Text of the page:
Firing for Cause: Disciplinary Action and Timely Warnings

By Heather Hettiarachchi, Lawyer.

Employers know that firing or disciplining an employee for just cause is not easy, particularly where the alleged cause is poor performance. This is because the employer has to document the problem or problems, provide warnings and prove that the employee clearly understood that his/her job was on the line if he/she did not improve.

Haddock v. Thrifty Foods

Haddock v. Thrifty Foods (2003) Limited, 2011 BCSC 922 (“Haddock”), a case from the British Columbia Supreme Court, highlights the issues that employers must be mindful of when terminating an employee for cause.

In Haddock, the Plaintiff had worked in various positions for the employer for approximately 16 years and at the time of firing, was a grocery store department manager. The Plaintiff had received very good reviews from the employer and was a good employee until 2002, at which time personal issues began to affect his work performance and he started abusing alcohol. In July 2002, the Plaintiff was suspended for four days without pay for being late on four occasions. Commencing late 2002, the employer made several attempts to arrange counselling for the Plaintiff as it became very concerned about his health and well-being. Finally, in October 2003, the Plaintiff was given a warning letter, which stated in part: “… your private life has been interfering with the effective performance of your duties, to the point where you are now seriously at risk of losing your job ”. The employer also attached clear and specific performance expectations to the letter. The letter emphasized that the Plaintiff “must meet the required level of performance, or face the consequences, which may include demotion or dismissal”.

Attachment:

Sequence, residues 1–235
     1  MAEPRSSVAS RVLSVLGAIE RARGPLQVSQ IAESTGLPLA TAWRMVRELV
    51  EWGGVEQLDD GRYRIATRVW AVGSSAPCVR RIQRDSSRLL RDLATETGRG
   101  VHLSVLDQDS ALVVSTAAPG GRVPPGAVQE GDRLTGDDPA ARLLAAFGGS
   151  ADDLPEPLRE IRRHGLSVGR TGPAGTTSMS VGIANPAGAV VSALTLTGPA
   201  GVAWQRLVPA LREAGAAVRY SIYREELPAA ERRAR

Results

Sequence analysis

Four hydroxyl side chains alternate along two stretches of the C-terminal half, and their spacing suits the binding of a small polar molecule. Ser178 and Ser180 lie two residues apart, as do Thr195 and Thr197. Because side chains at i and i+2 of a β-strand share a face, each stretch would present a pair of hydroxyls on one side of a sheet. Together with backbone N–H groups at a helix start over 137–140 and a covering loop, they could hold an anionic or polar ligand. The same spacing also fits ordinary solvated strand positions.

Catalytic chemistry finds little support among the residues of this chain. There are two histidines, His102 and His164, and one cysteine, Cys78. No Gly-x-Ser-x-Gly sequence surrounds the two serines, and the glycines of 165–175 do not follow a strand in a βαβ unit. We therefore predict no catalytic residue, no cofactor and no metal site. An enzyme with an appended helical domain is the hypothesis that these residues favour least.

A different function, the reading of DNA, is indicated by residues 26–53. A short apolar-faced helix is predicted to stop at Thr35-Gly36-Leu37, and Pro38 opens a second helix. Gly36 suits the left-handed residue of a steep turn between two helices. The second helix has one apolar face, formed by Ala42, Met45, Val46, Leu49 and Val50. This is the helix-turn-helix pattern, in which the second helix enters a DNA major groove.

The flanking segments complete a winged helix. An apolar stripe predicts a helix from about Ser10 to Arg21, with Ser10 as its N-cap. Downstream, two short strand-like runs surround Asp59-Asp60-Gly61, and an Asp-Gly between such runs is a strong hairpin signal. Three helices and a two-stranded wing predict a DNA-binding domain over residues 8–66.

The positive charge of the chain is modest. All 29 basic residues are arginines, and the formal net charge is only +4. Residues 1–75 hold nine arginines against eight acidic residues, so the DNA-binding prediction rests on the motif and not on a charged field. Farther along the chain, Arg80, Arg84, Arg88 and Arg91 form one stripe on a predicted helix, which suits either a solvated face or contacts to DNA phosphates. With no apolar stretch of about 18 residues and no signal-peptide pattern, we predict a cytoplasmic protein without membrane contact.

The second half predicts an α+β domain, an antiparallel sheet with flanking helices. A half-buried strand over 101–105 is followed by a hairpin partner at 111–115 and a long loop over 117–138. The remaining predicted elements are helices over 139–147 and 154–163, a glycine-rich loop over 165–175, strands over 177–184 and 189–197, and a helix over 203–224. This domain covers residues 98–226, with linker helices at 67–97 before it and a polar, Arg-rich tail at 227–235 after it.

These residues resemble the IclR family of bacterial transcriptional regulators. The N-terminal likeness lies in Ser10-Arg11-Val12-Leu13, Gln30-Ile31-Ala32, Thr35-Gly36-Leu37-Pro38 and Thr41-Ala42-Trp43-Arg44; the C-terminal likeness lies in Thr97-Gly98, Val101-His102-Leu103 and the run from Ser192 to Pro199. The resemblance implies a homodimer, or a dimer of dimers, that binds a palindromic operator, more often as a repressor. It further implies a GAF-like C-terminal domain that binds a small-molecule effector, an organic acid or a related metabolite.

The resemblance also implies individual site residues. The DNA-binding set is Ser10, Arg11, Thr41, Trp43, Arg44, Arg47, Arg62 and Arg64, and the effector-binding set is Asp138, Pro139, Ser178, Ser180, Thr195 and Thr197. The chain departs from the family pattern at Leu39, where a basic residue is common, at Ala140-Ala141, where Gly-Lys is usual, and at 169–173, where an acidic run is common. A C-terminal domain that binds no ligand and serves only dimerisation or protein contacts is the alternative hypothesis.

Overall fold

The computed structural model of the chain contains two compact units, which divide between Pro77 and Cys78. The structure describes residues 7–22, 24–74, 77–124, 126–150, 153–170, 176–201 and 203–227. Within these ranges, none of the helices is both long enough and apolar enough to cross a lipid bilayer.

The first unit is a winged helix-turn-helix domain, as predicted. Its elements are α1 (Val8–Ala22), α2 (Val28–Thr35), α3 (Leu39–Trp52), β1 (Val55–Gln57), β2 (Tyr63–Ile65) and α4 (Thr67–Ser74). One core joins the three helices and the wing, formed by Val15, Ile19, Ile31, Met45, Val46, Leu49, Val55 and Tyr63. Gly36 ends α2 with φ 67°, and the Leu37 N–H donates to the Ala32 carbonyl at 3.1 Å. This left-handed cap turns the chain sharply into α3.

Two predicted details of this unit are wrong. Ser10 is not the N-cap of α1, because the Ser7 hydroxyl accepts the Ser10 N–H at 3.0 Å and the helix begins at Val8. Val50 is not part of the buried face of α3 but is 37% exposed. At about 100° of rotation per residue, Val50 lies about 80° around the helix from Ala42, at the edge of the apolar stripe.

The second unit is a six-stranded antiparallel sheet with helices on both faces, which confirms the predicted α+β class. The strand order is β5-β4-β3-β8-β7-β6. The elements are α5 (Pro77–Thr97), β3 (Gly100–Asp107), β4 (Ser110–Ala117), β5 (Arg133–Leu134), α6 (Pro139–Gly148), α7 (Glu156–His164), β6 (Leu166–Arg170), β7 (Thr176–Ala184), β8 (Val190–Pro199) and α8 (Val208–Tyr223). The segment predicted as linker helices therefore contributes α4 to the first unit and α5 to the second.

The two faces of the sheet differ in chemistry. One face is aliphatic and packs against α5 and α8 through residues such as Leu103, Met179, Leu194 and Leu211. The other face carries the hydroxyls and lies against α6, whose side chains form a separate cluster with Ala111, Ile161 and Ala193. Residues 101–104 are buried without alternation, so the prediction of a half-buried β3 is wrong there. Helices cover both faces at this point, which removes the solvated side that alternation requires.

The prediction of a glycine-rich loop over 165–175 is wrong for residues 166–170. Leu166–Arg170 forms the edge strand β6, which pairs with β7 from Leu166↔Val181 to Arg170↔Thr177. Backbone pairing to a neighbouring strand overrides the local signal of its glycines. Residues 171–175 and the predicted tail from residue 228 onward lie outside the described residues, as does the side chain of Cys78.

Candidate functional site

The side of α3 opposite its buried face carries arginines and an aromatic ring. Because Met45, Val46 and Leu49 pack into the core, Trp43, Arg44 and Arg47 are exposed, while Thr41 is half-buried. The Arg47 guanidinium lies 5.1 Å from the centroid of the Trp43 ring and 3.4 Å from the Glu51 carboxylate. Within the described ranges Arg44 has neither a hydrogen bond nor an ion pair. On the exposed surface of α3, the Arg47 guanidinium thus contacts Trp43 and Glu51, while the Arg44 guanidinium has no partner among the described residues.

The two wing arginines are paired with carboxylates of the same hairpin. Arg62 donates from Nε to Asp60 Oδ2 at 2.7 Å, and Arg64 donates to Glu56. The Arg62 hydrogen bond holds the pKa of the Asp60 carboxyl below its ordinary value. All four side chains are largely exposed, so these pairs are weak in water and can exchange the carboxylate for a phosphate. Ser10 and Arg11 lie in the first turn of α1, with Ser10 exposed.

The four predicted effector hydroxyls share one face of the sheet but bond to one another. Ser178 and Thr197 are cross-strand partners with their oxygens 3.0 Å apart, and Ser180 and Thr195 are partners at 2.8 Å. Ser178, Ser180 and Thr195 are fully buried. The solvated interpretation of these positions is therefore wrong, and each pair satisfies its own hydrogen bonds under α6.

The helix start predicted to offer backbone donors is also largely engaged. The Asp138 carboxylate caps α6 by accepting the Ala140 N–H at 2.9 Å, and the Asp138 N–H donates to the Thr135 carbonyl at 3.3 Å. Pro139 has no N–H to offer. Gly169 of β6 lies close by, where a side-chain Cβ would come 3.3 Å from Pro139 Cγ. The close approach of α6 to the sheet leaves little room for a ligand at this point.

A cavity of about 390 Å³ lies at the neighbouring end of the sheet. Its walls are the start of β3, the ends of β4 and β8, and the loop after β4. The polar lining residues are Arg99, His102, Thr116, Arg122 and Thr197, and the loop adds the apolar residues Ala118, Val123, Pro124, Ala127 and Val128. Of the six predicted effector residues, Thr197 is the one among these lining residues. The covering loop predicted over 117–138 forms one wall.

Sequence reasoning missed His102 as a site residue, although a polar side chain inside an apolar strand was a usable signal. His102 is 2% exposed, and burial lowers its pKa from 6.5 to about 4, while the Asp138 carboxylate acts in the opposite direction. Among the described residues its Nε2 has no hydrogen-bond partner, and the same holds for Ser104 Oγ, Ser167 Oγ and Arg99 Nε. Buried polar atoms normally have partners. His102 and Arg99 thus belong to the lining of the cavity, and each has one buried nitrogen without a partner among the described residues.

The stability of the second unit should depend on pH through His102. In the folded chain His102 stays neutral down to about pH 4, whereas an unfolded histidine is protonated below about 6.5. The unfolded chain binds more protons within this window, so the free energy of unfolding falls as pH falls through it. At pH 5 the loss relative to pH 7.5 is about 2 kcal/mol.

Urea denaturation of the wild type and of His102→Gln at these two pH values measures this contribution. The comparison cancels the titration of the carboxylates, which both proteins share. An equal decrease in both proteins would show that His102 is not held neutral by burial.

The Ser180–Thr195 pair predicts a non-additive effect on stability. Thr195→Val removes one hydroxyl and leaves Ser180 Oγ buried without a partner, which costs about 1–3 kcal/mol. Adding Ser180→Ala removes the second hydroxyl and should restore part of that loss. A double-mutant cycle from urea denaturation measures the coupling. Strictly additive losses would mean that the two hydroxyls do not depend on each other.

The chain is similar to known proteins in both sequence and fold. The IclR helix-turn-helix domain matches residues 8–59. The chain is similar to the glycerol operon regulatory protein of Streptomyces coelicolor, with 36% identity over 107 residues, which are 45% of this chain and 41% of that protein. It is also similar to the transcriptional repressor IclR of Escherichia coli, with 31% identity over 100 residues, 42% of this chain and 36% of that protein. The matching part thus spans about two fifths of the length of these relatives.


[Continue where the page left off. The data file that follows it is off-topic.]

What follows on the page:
Unfortunately, things did not improve and in November 2003, the Plaintiff went on short-term disability and thereafter entered into an alcohol treatment program. Following another incident where the Plaintiff was intoxicated at a softball tournament in the summer of 2004 (eight months after his last warning), the employer decided to demote the Plaintiff to a clerk position, as a disciplinary measure. The Plaintiff agreed to accept the demotion on the condition that he would be placed at one of two locations, out of a possible eight or nine. However, the employer was unable to accede to this request.
During the ensuing period, the Plaintiff was off work on vacation and thereafter on short term disability. The employer made several attempts to contact the Plaintiff, and when the Plaintiff failed to respond, fired him.

The Plaintiff claimed that he was entitled to damages for wrongful dismissal as the employer had constructively dismissed him by demoting him. In its defence, the employer argued that based on the performance issues and prior warnings issued to the Plaintiff, it was entitled to demote the Plaintiff or fire him for just cause.

The issues considered by the court included the following:

  • Was Mr. Haddock constructively dismissed by the employer’s decision to demote him?
  • Did the employer adequately warn Mr. Haddock such that its decision to demote him was justified?